Legal observing & police monitoring resources
Below is a list of resources for monitoring police, and legal and human rights observing
There are members of Amnesty International (AI) in more than 140 countries and territories around the world, united by their determination to work for human rights. This Amnesty International Handbook is a basic reference manual which aims to provide a general guide to AI's policies and practices for all AI's members. It seeks to explain AI's position on human rights questions and how AI works.
Published by Protection International, this manual is developed to provide human rights defenders with additional knowledge and tools useful for improving their understanding of security and protection. It is the result of over 25 years combined experience of Protection International’s members in working with humanitarian law and in the protection of Human Rights Defenders. Available in English, French, Spanish, Arab, Indonesian and Swahili.
Ten Tips for filming police incidents. Keep safe distance. If police ask you to move, move back but keep filming. Hold your phone steady and still. Outstretched arms will get tired quickly, so hold your arm close to you as it helps to keep the phone steady. Hold your phone sideways (landscape), it picks up more of an incident. Remain calm and polite. Let others speak to the police or the victim, just concentrate on the filming. If you want to film your own encounter with police, hold the phone close to your chest pointing towards the police...
This guide is to help journalists, legal and human rights observers identify weapons that are currently available to Victoria Police. This is not an exhaustive list. It includes weapons used in crowd-control or public-order management contexts. The guide is available to download as a foldable A4 leaflet.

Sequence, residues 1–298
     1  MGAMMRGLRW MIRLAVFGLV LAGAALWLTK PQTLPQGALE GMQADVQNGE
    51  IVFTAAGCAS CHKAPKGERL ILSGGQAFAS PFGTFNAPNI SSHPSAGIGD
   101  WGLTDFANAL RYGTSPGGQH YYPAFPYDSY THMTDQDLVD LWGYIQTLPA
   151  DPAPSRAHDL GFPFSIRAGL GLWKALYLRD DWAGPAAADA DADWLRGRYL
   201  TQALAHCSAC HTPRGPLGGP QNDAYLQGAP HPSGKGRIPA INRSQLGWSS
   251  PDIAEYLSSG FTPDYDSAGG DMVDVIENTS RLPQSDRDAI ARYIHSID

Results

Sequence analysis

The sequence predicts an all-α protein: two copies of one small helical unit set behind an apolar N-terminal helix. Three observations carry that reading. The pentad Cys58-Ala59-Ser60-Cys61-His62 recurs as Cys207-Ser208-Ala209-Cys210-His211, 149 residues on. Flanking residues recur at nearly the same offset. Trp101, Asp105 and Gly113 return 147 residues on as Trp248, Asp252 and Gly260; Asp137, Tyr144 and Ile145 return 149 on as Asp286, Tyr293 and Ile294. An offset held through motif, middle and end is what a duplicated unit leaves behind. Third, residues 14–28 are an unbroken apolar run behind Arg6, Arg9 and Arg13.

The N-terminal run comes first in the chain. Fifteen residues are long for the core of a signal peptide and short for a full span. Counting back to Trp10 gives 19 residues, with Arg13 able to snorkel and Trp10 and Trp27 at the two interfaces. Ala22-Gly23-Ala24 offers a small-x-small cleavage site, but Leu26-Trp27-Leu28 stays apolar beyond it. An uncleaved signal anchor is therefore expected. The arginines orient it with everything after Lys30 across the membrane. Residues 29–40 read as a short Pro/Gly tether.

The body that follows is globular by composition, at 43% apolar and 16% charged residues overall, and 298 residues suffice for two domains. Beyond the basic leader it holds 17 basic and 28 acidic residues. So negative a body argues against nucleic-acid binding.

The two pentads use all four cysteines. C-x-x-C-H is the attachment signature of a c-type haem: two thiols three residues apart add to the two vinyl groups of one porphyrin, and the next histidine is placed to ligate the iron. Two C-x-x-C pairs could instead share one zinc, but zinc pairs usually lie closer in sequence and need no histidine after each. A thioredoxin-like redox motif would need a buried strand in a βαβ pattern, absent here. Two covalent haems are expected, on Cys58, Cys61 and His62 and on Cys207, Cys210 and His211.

Videos taken by perpetrators, victims and witnesses of abuse can prompt news coverage, inform investigations, and support legal proceedings. In some cases, these videos are the only visual documentation of abuse and can shine a light on unknown or unconfirmed facts of a human rights violation. However, to use such videos effectively, analysts must verify whether a video is what it purports to be. This resource covers techniques and tools to help verify that a video found online or sent by a source can be trusted as an authentic recording of a particular event.
This guide is designed to help human rights researchers, journalists, students and philanthropists navigate and integrate digital data into their human rights work. From online videos of rights violations to satellite images of environmental degradation, to eyewitness accounts disseminated on social media, we have access to more relevant data today than ever before. When used responsibly, this data can help human rights professionals in the courtroom, when working with governments and journalists, and in documenting historical record. But integrating data collection and management into the day to day work of human rights work and documentation can be challenging, even overwhelming, for individuals and organisations.
To slow the spread of misinformation, follow these tips that will help you verify images and videos that you see online. We know that most visual misinformation is created by simply re-posting old content with a new caption. It’s easy to do, and only takes seconds. So knowing that visual hoaxes can be created so quickly, one of the best things you can do is slow down: Instead of sharing instantly, hit “pause” for a moment, and think carefully.
Local independent police monitoring groups in the 1980s and 1990s understood that to survive and sustain themselves meant more than simply documenting local policing issues. It meant seeking accountability by challenging state power: in particular the power of the police, one of the most formidable institutions in society that has so often strongly resisted change. This campaigning model – gathering data, identifying trends, publicising local stories, providing advice and advocacy and turning issues into campaigns – is just as relevant today as it ever was. Monitoring an organisation that constantly monitors us remains a practical means of surviving violent, racist policing, in communities where this is a daily reality.